If we could peer into the brains of Parkinson's patients, we'd see two hallmarks of the disease. First, we'd see a die-off of the brain cells that produce a chemical called dopamine. We'd also see protein clumps called Lewy bodies inside the neurons. Researchers believe a key to treating Parkinson's is to study possible links between these two phenomena. "This study identifies the missing link between Lewy bodies and the type of damage that's been observed in neurons affected by Parkinson's. Parkinson's is a disorder of the mitochondria, and we discovered how Lewy bodies are releasing a partial break-down product that has a high tropism for the mitochondria and destroys their ability to produce energy."
Lewy bodies were described a century ago, but it was not until 1997 that scientists discovered they were made of clumps of a misfolded protein called α-synuclein. When it's not misfolded, α-synuclein is believed to carry out functions related to the transmission of signals between neurons. Researchers looked at cell cultures of neurons that were induced to accumulate fibrils made of misfolded α-synuclein, mimicking Lewy bodies in patients with Parkinson's. They discovered that when α-synuclein fibrils are broken down, it often creates a smaller protein clump, which they named pα-syn* (pronounced "P-alpha-syn-star").
It turns out that the result of that partial degradation, pα-syn*, is toxic. Researchers made this discovery by labeling the pα-syn* with an antibody so they could follow it throughout the cell after it was created. They observed that pα-syn* traveled and attached itself to the mitochondria. Further investigation revealed that once the pα-syn* attached, the mitochondria started to break down. These fragmented mitochondria lose their ability to carry an electrochemical signal and produce energy. "The Lewy bodies are big aggregates and they're sitting in the cell, but they don't come into direct contact with the mitochondria in the way pα-syn* does. With this discovery, we've made a direct connection between the protein α-synuclein and the downstream effects that are observed when brain cells become damaged in Parkinson's."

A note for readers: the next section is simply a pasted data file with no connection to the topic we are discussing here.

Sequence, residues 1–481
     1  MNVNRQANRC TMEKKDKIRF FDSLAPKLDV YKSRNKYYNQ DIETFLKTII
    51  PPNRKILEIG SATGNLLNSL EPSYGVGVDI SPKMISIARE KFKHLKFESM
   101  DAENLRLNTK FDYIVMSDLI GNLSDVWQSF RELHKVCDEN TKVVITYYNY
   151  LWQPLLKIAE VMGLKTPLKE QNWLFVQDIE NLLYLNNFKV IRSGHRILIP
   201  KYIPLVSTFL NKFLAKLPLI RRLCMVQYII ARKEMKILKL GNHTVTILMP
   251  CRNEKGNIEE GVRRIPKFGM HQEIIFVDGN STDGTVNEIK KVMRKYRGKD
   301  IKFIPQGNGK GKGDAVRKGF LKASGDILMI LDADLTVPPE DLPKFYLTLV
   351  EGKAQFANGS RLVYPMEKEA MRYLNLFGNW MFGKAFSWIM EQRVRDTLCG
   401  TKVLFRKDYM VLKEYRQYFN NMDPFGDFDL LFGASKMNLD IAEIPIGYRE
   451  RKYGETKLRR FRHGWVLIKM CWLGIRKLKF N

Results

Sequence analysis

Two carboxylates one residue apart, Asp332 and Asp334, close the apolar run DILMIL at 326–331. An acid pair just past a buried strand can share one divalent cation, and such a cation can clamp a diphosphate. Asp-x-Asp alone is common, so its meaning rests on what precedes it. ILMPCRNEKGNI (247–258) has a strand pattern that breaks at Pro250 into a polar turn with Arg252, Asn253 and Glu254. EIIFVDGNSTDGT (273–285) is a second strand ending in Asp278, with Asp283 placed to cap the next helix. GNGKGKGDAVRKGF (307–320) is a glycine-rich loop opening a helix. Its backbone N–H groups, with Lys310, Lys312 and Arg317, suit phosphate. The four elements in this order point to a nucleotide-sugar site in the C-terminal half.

Researchers have found that cardiolipin, a molecule inside nerve cells, helps ensure that a protein called alpha-synuclein folds properly. Misfolding of this protein leads to protein deposits that are the hallmark of Parkinson's disease. These deposits are toxic to nerve cells that control voluntary movement. When too many of these deposits accumulate, nerve cells die. "Identifying the crucial role cardiolipin plays in keeping these proteins functional means cardiolipin may represent a new target for development of therapies against Parkinson's disease."
The study revealed that inside cells, alpha-synuclein binds to mitochondria, where cardiolipin resides. Cells use mitochondria to generate energy and drive metabolism. Normally, cardiolipin in mitochondria pulls synuclein out of toxic protein deposits and refolds it into a non-toxic shape. The researchers found that in people with Parkinson's disease, this process is overwhelmed over time and mitochondria are ultimately destroyed. Understanding cardiolipin's role in protein refolding may help in creating a drug or therapy to slow progression of the disease.